“The God I don’t believe in yet miss is naturally the Christian God of Western Europe and non-fundamentalist America. I don’t miss Allah or Buddha, any more than I miss Odin or Zeus. And I miss the New Testament God rather than the Old Testament one. I miss the God that inspired Italian painting and French stained glass, German music and English chapter houses, and those tumble-down heaps of stone on Celtic headlands which were once symbolic beacons in the darkness and storm.” (pp 117-118)
Why does he miss God? Part of it is aesthetic. There is a loss of wonder when confronted by the natural world: “If what is out there comes from nothing, if all is unrolling mechanically according to a programme laid down by nobody, and if our perceptions of it are mere moments of biochemical activity, the mere snap and crackle of a few synapses, then what does this sense of wonder amount to?” (p 71) He also realizes how much more great religious art and music would mean if he could see it as true. But that is only the beginning. Behind it is something deeper: “Religion used to offer consolation for the travails of life, and reward at the end of it for the faithful. But above and beyond these treats, it gave human life a sense of context, and therefore seriousness.” (p 57)
Yet sadly, despite the sense of loss, Barnes never seems to have seriously investigated faith or considered the evidence for God. Instead of engaging with the issue, he simply settles for a default position of agnosticism. And his few believing friends don’t seem to have served him well. At one point he mentions asking a Catholic friend why he believes and getting the response, ‘I believe because I want to believe’, which Julian Barnes understandably finds less than helpful.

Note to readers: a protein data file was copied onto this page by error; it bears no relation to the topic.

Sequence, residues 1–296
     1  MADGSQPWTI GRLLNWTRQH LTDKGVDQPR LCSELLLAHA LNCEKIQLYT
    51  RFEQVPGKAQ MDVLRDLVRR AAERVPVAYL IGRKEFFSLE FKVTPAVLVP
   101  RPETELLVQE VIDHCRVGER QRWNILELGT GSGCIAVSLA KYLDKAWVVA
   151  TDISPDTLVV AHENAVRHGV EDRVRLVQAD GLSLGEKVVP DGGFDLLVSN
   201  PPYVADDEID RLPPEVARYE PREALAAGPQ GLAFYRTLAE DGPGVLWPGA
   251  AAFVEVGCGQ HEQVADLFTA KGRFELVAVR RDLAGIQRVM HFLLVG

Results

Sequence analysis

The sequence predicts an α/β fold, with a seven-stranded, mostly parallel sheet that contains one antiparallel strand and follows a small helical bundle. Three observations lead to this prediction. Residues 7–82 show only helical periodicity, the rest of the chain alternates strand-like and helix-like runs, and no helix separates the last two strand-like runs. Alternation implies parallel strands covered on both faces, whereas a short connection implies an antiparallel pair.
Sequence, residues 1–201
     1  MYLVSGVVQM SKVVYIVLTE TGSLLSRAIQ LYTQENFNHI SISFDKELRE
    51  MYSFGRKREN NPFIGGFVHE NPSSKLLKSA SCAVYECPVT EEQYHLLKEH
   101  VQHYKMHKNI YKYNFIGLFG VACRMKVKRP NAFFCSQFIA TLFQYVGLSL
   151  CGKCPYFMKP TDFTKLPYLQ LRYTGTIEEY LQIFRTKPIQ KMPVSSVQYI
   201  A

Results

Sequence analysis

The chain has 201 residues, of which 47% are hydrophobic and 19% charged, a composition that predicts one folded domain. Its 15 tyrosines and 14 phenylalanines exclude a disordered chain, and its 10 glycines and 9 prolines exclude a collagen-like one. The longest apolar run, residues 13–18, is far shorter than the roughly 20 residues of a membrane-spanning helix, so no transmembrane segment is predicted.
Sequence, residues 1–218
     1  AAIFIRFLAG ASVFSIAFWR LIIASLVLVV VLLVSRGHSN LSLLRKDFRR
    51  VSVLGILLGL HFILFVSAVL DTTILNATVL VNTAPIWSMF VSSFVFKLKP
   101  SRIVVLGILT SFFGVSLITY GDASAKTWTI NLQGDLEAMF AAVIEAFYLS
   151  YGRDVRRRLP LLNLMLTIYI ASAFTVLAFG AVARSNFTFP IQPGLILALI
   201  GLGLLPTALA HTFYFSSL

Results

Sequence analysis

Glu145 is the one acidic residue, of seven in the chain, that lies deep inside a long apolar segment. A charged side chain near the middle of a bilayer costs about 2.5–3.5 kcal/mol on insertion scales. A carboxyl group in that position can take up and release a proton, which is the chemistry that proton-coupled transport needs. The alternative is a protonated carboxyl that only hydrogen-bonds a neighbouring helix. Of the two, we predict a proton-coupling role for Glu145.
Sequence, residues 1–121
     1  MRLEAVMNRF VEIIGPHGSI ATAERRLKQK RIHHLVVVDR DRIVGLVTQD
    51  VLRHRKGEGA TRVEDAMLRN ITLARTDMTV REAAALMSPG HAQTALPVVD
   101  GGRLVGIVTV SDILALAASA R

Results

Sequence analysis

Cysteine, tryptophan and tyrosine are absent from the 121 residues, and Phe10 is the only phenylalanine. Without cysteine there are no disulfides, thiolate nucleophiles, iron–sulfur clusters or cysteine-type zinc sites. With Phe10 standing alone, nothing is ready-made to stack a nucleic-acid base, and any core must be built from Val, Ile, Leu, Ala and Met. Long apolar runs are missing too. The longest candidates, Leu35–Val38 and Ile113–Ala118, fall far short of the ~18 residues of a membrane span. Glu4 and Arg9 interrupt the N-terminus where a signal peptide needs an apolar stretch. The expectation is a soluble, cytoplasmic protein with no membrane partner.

Although seemingly unwilling to explore faith as a personal option, Julian Barnes has a sure sense of what it should be like. He writes: “Agnostics and atheists observing religion from the sideline tend to be unimpressed by milksop creeds. What’s the point of faith unless you and it are serious – seriously serious – unless your religion fills, directs, stains and sustains your life?” (p 81)
His attack on subjective re-inventions of faith is also very much to the point. To those who say something like, “I don’t go to church, but I have my own personal idea of God”, he responds: “You may have your own personal idea of God, but does God have His own personal idea of you? Because that’s what matters …. The notion of redefining the deity into something that works for you is grotesque.” (p 45)
Julian Barnes is dealing with two of the greatest questions of human existence – God and mortality – and, while the extent of his engagement with the first is disappointing, he leaves the reader with much to ponder about the second. Unlike a friend who said to him, “I know that everybody else is going to die, but I never think I am going to die”, Barnes lives deeply with the awareness of his mortality. And his book is an engaging, lively and human response to that reality. We live in a society that pushes away the awareness of death. (I’m frequently struck in pastoral situations by how often death takes people by surprise.) In its honesty and candour this book is (to use the author’s own phrase) a significant “wake-up call to mortality.”